This article is from the California Driving (and Surviving) FAQ, by "George J Wu" email@example.com with numerous contributions by others.
from firstname.lastname@example.org (Sidney Markowitz) on 21 Jun 1993,
modified on 23 Jun after further research:
The motorcycle drivers handbook handed out by the DMV discourages lane
sharing (driving alongside cars in the same lane) because it is often a
violation of the Basic Speed Law (CVC 22350) or involves unsafe lane
changes. However, that statement in itself indicates that there is no law
against lane sharing, and that a rider can be cited only if the act violates
one of the other laws.
Many states other than California explicitly make lane sharing illegal.
California does make "lane splitting", occupying two lanes by riding the
line between them, illegal, I believe in CVC 21658(a):
A vehicle shall be driven as nearly as practical entirely within
a single lane and shall not be moved from the lane until such
movement can be made with reasonable safety.
The common response that I got from a query to ba.motorcycles on this
subject is that Bay Area cops do not ticket for riding a motorcycle slowly
(on the order of 10mph faster than the cars) alongside a line of cars
stopped at a traffic light or stuck in a traffic jam, as long as you are
within a lane (not on the shoulder). However, it also seems common
net.wisdom that police in Marin County and in Fremont do issue tickets for
that behavior. The important point is that the tickets are for violation of
the basic speed law or for unsafe lane changes, which are subject to the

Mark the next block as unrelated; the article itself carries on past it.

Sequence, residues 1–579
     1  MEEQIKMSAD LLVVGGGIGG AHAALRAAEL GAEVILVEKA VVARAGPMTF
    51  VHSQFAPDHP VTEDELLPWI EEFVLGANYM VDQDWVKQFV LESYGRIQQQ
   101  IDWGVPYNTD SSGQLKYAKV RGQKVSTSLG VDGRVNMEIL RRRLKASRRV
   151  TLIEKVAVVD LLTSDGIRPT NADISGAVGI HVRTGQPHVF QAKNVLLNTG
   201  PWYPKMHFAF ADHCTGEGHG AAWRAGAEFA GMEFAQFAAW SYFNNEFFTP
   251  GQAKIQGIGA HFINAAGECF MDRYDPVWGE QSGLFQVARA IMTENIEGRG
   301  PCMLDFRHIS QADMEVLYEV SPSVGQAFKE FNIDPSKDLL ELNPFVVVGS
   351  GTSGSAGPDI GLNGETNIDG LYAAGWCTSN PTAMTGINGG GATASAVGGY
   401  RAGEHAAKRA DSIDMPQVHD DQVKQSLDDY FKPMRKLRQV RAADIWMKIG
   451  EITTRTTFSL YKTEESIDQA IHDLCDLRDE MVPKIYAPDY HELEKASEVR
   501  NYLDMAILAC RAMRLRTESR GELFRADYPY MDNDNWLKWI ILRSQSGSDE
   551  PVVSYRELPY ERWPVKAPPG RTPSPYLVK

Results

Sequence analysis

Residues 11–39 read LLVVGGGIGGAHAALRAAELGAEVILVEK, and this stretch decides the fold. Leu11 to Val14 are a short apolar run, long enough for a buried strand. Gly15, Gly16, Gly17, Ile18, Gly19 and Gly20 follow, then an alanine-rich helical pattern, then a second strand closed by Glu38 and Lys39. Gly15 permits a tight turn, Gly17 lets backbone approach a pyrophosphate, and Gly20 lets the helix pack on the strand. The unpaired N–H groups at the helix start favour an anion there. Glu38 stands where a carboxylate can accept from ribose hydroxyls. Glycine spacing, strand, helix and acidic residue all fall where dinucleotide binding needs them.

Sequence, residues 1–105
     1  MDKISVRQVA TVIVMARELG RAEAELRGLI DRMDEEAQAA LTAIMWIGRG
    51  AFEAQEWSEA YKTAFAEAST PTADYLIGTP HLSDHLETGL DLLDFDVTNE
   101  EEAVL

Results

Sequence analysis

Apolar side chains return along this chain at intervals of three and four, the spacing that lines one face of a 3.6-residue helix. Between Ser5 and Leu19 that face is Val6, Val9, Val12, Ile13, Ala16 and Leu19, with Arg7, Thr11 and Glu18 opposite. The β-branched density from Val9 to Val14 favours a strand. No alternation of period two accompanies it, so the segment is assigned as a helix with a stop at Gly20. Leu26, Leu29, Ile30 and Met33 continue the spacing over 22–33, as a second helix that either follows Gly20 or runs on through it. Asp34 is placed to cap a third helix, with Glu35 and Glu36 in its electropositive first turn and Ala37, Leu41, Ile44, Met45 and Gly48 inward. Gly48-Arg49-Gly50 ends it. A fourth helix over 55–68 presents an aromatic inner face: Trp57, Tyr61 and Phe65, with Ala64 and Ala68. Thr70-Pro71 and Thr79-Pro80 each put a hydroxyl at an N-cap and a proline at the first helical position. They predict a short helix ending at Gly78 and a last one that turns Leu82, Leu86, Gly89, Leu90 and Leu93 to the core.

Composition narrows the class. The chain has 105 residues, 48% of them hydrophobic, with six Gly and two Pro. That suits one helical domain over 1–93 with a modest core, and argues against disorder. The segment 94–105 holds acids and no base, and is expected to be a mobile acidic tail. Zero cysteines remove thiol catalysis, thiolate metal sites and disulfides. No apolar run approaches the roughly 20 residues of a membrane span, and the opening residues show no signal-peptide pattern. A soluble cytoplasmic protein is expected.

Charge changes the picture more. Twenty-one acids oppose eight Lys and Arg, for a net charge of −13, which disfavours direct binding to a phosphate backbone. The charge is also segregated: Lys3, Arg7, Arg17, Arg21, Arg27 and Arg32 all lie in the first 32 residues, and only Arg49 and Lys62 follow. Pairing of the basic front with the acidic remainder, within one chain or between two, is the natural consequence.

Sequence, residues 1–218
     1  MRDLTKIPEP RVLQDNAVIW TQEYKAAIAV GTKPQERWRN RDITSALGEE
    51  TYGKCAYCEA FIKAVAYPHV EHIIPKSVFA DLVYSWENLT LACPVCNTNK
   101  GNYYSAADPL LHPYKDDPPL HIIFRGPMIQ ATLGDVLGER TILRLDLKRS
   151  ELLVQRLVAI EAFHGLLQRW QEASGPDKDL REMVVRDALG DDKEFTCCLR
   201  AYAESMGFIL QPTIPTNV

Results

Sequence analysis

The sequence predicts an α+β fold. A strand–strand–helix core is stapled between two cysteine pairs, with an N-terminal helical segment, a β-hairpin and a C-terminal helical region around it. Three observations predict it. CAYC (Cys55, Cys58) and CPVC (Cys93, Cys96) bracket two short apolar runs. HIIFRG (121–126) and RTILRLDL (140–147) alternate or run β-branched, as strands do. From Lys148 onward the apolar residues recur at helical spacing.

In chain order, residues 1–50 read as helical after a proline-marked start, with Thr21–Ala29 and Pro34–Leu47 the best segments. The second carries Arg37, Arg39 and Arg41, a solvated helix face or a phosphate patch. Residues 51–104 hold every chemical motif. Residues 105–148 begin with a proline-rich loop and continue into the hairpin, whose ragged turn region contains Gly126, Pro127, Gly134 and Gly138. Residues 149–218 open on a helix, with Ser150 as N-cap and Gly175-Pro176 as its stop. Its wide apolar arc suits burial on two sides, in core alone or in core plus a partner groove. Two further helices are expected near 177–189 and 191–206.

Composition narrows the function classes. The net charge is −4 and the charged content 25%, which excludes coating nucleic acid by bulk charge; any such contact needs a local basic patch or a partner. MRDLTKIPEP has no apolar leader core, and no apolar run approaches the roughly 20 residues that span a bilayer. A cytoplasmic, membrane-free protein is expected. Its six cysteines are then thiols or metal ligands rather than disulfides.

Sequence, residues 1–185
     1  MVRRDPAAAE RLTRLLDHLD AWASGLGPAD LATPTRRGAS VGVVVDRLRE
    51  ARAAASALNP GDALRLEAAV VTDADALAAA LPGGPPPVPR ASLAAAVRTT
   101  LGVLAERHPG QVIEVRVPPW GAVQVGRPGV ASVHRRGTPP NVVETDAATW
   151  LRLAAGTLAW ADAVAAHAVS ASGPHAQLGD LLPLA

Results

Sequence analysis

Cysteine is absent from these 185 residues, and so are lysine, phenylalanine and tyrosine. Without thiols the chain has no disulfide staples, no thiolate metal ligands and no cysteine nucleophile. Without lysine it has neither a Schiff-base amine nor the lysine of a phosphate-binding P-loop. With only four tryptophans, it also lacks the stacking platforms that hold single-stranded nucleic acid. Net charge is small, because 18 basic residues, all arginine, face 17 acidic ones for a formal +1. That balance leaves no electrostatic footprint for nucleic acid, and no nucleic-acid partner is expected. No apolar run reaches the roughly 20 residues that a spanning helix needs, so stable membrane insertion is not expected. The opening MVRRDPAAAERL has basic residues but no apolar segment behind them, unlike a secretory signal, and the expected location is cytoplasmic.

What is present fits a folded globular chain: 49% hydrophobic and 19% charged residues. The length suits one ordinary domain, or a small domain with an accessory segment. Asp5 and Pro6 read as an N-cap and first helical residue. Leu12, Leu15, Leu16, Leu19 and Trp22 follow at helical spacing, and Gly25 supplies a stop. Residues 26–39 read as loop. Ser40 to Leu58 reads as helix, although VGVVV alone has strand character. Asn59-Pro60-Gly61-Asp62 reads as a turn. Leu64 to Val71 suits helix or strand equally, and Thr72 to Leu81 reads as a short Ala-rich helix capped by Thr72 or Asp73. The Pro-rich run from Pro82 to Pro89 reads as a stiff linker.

judgement of the officer and so are pretty difficult to challenge in court.
Regardless of the warnings in the DMV handbook, I and many other people have
been taught in the Motorcycle Safety Foundation's rider training course that
it may be safer for motorcyclists to slowly and carefully ride alongside a
line of stopped cars than to sit in line where they may be rearended by a
car that is not paying attention. Also, many motorcycles are air cooled and
will overheat in just a few minutes of idling while sitting still.
This is one of my major peeves: That so many motorists act like I'm doing
something illegal and unfair by riding where they can't drive when I lane
share at a light, and that there is absolutely no mention of the motorcycle
laws on the standard driver's license exam, so there is no reason for them
to know better.
There: Now a few more car drivers know about this. When you see a
motorcyclist riding by you when you are stopped or almost stopped, don't
swerve out to cut them off. They are legal (if they are being careful),
they may be acting out of safety considerations, and they are reducing
traffic congestion by getting out of the thick of it instead of being part